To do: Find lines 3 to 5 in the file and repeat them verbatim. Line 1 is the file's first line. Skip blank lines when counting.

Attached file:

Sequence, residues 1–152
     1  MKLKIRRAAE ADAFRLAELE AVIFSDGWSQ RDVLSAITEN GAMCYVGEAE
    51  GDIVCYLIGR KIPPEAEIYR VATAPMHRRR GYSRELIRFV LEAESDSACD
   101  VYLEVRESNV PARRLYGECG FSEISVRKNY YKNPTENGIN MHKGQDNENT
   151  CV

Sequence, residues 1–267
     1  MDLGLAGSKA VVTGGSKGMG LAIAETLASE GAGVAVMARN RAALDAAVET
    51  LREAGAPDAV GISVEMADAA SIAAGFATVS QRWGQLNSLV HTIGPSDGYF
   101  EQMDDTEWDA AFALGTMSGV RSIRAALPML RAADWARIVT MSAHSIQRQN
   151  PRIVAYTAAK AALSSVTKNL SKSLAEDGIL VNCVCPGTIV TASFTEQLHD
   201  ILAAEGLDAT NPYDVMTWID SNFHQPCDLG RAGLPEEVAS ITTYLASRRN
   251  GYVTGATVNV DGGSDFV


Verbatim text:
    51  GDIVCYLIGR KIPPEAEIYR VATAPMHRRR GYSRELIRFV LEAESDSACD
   101  VYLEVRESNV PARRLYGECG FSEISVRKNY YKNPTENGIN MHKGQDNENT
   151  CV